Perhaps it just comes down to nuances of language.
David Carlisle <[log in to unmask]> writes to LATEX-L:
> 4) In practice, Debian recognizes "a different name or version number"
> to refer *works*, not filenames. Permission to mandate or forbid the
> . . .
> This misses the point that in latex filenames are part of the end-user
> loads "longtable.sty" which is part of the core latex distribution.
> Under msdos this gets stored in all sorts of ways longtabl.sty lontable.sty
> longtab~1.sty, whatever, . . .
LaTeX is a _project_.
Any of a LaTeX class, package, literate-programming wrapper, ...
is a LaTeX _work_.
With such new language in LPPL wouldn't renaming and version-numbering
restrictions be appropriate under DFSG? Then have language in the
license to the effect that technical changes not changing the _work_
The new license might contain a URI pointing to the TDS standard
with some mention of its relevance.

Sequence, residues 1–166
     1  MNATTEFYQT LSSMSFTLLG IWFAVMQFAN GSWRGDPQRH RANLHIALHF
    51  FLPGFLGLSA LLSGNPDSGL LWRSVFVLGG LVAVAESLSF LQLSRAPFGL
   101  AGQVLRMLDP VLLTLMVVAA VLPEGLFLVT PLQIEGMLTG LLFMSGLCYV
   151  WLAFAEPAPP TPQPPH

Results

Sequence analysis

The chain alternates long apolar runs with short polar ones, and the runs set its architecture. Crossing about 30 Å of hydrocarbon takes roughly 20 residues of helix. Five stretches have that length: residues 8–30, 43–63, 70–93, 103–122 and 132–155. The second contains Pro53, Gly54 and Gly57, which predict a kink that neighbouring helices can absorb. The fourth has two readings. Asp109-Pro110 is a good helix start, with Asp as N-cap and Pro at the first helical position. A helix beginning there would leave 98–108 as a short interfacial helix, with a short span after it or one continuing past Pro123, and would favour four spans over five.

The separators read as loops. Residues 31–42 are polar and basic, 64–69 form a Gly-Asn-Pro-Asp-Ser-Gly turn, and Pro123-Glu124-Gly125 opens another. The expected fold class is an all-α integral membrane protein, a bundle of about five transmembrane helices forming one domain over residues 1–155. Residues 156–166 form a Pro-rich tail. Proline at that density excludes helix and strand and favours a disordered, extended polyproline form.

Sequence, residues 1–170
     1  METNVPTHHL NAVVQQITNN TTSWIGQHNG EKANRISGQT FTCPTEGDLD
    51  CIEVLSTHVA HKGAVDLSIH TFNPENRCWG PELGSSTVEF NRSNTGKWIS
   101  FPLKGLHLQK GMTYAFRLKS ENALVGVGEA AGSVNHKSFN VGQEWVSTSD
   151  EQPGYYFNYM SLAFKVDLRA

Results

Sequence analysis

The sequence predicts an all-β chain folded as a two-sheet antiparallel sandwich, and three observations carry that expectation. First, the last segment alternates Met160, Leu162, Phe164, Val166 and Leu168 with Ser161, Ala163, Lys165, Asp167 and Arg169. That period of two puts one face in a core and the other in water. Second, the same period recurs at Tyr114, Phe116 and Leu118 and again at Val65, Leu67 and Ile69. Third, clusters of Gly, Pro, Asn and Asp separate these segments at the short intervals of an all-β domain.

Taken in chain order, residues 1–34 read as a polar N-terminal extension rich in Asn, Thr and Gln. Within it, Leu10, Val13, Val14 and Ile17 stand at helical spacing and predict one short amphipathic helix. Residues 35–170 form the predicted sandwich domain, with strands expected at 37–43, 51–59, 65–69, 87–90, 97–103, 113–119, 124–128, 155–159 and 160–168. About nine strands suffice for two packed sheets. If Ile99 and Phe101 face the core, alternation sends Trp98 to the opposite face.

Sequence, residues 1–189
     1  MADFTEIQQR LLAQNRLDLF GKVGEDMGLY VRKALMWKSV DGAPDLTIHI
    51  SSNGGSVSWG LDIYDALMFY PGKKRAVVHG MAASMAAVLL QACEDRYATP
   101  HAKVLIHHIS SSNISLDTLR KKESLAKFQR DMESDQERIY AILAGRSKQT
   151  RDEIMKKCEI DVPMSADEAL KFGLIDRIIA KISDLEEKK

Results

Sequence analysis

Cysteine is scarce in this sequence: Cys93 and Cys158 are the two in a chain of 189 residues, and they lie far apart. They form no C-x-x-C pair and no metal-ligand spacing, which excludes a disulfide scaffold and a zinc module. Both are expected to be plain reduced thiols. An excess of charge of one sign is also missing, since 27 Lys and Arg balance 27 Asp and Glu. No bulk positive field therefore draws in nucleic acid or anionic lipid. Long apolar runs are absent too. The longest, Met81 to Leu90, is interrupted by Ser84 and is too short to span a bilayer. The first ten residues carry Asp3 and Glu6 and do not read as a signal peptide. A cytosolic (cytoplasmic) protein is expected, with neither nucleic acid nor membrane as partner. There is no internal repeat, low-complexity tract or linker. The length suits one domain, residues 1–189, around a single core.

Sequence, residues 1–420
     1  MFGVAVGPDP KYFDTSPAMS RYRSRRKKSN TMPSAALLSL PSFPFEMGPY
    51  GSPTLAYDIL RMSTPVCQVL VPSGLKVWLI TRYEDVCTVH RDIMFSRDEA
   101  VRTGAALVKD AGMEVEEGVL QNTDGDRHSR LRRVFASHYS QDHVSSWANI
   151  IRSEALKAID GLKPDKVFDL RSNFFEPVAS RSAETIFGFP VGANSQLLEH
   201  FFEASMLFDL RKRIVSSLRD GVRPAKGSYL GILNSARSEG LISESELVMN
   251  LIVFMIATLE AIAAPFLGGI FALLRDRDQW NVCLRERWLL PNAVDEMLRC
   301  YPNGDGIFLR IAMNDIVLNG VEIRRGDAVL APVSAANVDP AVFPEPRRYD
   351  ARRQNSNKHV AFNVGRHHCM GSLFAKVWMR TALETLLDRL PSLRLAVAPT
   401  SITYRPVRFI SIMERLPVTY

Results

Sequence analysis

The new license might also contain a URI pointing to a CTAN doc
with guidelines on how a distribution implementer (such as Cygwin,
Mac OS X, Redhat, Debian, SuSE, ...) can provide a distribution of
LaTeX without breaking it.
Isn't TUG's TeXLive the only free (as-in-speech) distribution we know
to be maximally reliable these days?
Ummm ... glug ... what type of object under LPPL should the URN
"TDS:/$VARTEXMF/web2c/latex.fmt be? :-)
P.S. Just because present LPPL might not conform to DFSG does not
mean that LaTeX is not free. Assertions to the contrary represent
just one of a number of extant misappropriations of the word "free",
not the least of which is that now going with "free market" to mean
"narrow oligopoly not under the burden of governmental regulation" --
a notion that would, I suspect, be quite appalling to Adam Smith.